Yeah, that’s why you cited bands from within the last century instead of Beethoven or Bach. 🙂

    I heard a similar schtick from my father six months ago about how my generation just doesn’t have any good music. Nothing groundbreaking, nothing seminal. I just put on some Trombone Shorty in response.

  49. michael reynolds says:

    @wr:

    I don’t think Amazon is pure evil. I have Amazon Prime.

    But you’re kidding yourself if you think Amazon won’t move on to crushing the littles after they’ve crushed the bigs. Right now they are helpful to start-up publishers, but what’s to stop them changing the terms once Simon and Harper and Random are out of business? What happens if the littles threaten to get big? You’re describing a world where the only way to publish is as a slave to Amazon.

  50. anjin-san says:

    @Tillman:

    Yeah, that’s why you cited bands from within the last century instead of Beethoven or Bach.

    I appreciated, but was never was floored by classical music until I saw it preformed live by a top symphony, then it blew my doors off. I was 51 at the time. Certainly classical has a lot of essential music, that’s why its still played all over the world every day centuries after the fact.

    Where did I say that generations after mine have not produced any good music? I think I made a point of saying that I do find good music by current acts. The current musical landscape, IMO, simply cannot match up to what I grew up on, especially when you look at the mainstream. I was lucky enough to grow up in a golden age. That does not mean there is nothing of value going on now. Here are a few semi-current things I like a lot:

    https://www.youtube.com/watch?v=-iuFJ5P9ung

    https://www.youtube.com/watch?v=2lyZQB1H_Zw

    https://www.youtube.com/watch?v=fNlxKH9Jtmc

  51. EddieInCA says:

    A fascinating discussion.

    Since the Hachette debacle, I’ve not purchased one item from Amazon. I’ve gone to bestbuy.com for my electronics, Dick’s Sporting Goods, Golfsmith, and Academy’s online sites for my athletic gear, REI for some outdoor stuff for the house, Lowes and Home Depot for the home repair stuff. I’m not missing Amazon at all. In fact, my wife and I just picked up two recliners from overstock.com just last week.

    For me, it’s the principle. Amazon is cannibalizing entire industries. And still they make no money. They’re either going to burn through all their capital, or they’re going to create monopolies in several areas of commerce. The only question is which one will come first. They’ll need the monopolies in order to make money by raising prices. Otherwise, the business model doesn’t work.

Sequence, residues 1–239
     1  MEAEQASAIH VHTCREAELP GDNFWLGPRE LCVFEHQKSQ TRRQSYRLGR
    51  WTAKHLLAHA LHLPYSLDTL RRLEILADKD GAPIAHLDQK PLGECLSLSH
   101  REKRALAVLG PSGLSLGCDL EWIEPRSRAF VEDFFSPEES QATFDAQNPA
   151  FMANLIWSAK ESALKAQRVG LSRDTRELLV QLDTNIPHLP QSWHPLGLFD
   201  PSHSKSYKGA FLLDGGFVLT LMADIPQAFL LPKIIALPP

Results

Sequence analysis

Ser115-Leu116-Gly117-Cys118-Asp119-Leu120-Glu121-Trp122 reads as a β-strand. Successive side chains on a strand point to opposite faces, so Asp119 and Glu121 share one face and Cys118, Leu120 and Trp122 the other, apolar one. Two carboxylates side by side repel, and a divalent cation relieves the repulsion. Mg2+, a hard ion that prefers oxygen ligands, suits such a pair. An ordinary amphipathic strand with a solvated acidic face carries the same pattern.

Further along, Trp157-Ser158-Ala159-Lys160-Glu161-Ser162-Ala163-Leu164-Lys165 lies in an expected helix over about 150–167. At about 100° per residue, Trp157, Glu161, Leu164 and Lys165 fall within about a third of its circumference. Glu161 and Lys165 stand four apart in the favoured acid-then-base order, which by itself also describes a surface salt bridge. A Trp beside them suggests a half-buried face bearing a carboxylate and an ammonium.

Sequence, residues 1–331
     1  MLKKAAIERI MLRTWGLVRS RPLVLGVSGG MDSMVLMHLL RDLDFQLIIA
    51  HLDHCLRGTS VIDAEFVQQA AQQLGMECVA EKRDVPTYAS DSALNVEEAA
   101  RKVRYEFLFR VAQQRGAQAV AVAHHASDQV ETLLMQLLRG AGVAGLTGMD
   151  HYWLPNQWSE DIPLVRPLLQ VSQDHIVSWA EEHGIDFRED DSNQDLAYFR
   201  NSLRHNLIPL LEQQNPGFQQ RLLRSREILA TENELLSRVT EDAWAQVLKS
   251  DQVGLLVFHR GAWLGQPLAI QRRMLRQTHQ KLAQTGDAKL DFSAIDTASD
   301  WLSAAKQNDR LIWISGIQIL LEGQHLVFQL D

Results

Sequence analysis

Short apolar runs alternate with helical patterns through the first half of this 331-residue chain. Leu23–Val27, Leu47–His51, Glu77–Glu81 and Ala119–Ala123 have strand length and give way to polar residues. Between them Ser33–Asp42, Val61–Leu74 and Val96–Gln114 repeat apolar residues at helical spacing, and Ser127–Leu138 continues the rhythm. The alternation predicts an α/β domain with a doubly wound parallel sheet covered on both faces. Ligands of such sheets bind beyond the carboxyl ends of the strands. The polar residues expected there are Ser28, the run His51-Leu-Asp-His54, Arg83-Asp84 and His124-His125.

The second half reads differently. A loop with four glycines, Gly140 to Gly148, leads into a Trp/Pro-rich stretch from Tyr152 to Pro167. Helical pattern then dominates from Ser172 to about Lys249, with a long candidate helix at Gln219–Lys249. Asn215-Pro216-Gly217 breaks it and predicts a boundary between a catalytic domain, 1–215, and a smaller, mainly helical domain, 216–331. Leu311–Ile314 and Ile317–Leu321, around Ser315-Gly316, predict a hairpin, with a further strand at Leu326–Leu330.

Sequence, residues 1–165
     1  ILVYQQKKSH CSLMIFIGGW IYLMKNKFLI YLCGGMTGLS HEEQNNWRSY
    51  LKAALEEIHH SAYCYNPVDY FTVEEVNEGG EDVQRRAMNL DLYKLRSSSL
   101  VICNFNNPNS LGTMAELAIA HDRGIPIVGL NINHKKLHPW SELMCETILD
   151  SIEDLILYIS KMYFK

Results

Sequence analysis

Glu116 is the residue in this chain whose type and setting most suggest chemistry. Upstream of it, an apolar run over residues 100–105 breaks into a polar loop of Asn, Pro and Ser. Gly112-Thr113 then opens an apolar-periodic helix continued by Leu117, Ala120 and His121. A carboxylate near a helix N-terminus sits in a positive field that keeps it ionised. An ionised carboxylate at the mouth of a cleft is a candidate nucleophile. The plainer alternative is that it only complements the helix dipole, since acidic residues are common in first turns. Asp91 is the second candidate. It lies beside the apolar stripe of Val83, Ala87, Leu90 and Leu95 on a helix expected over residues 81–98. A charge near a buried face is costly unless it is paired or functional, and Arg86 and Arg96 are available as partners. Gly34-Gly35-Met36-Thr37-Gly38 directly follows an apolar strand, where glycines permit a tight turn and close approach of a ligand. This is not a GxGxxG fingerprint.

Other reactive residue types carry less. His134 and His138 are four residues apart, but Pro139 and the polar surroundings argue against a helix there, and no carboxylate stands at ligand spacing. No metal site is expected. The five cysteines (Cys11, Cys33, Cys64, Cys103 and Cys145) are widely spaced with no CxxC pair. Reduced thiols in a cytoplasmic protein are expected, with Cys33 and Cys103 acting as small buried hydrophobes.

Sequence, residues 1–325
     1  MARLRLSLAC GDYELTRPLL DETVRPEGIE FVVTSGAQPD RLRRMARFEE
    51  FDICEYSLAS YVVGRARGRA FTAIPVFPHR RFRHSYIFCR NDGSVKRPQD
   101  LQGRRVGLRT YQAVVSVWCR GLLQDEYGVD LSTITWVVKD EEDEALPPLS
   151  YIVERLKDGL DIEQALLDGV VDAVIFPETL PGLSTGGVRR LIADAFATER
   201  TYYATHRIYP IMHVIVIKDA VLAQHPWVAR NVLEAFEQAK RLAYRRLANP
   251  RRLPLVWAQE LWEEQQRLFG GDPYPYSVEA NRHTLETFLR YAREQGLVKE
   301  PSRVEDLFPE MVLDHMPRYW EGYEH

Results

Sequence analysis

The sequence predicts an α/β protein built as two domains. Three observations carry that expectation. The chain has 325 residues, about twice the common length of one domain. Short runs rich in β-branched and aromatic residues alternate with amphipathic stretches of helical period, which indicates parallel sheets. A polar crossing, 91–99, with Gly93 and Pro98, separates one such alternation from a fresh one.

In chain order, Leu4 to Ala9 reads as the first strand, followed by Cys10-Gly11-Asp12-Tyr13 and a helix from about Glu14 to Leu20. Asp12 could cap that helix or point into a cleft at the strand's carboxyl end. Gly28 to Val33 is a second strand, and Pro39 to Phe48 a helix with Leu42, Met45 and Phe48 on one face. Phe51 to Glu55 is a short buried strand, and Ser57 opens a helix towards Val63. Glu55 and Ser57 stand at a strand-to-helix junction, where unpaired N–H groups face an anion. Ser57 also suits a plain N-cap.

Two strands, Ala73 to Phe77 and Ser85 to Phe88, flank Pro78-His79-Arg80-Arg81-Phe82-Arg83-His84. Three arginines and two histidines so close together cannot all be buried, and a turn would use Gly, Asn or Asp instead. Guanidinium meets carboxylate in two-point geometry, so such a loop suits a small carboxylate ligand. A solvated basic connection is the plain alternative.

52. anjin-san says:

    @wr:

    Oh shit, Roxy music at the Paramount. Somehow I never saw them, despite wearing out a lot of their albums.

    I saw Springsteen at the Paramount in ’76, if I have my Bruce lore down, that was the “lawsuit tour” which is part of a group of tours known as the Born to Run Tours. ’75 was the core Born to Run tour though.

    That was my first theater show, a very memorable evening that changed my expectation for live music forever. Arena shows never did it for me after that.

    Great theater, in recent years I have seen some memorable Tori Amos shows there.

    BTW, I have an excellent remastered copy of the ’78 Winterland show, if you want a copy, let me know. Best show I ever saw.

  53. Tony W says:

    @michael reynolds:

    You’re describing a world where the only way to publish is as a slave to Amazon.

    It’s a story as old as time. Just as the publishers overplayed their hands to create Amazon’s opportunity, Taxi companies are falling to Uber & Lyft. When an industry becomes greedy and dense and unresponsive to its stakeholders it is ripe for disruption and that’s what is happening today in publishing. Amazon themselves may overplay their own hand one day – as you say the stock price is tenuous and margins are razor thin.

    Change is painful. I have become used to the incredible disruption in my own industry, but it never gets comfortable.

  54. HarvardLaw92 says:

    I honestly do not patronize Amazon, just as I do not patronize Wal-Mart, Best Buy, Barnes & Noble, et al ad infinitum, unless I have absolutely no other viable alternative.

    Do I hate corporations? No

    Do I hate profit? Nope

    Do I think that the world, and specifically my little corner of it, is better served by thriving local economies? Without a doubt

    Finally, do I think that the wonder of walking into a local shop where the owner not only knows my name, but also knows what I like, how I like it and considers me to be a friend (and vice-versa) is just this side of miraculous? A thousand times yes.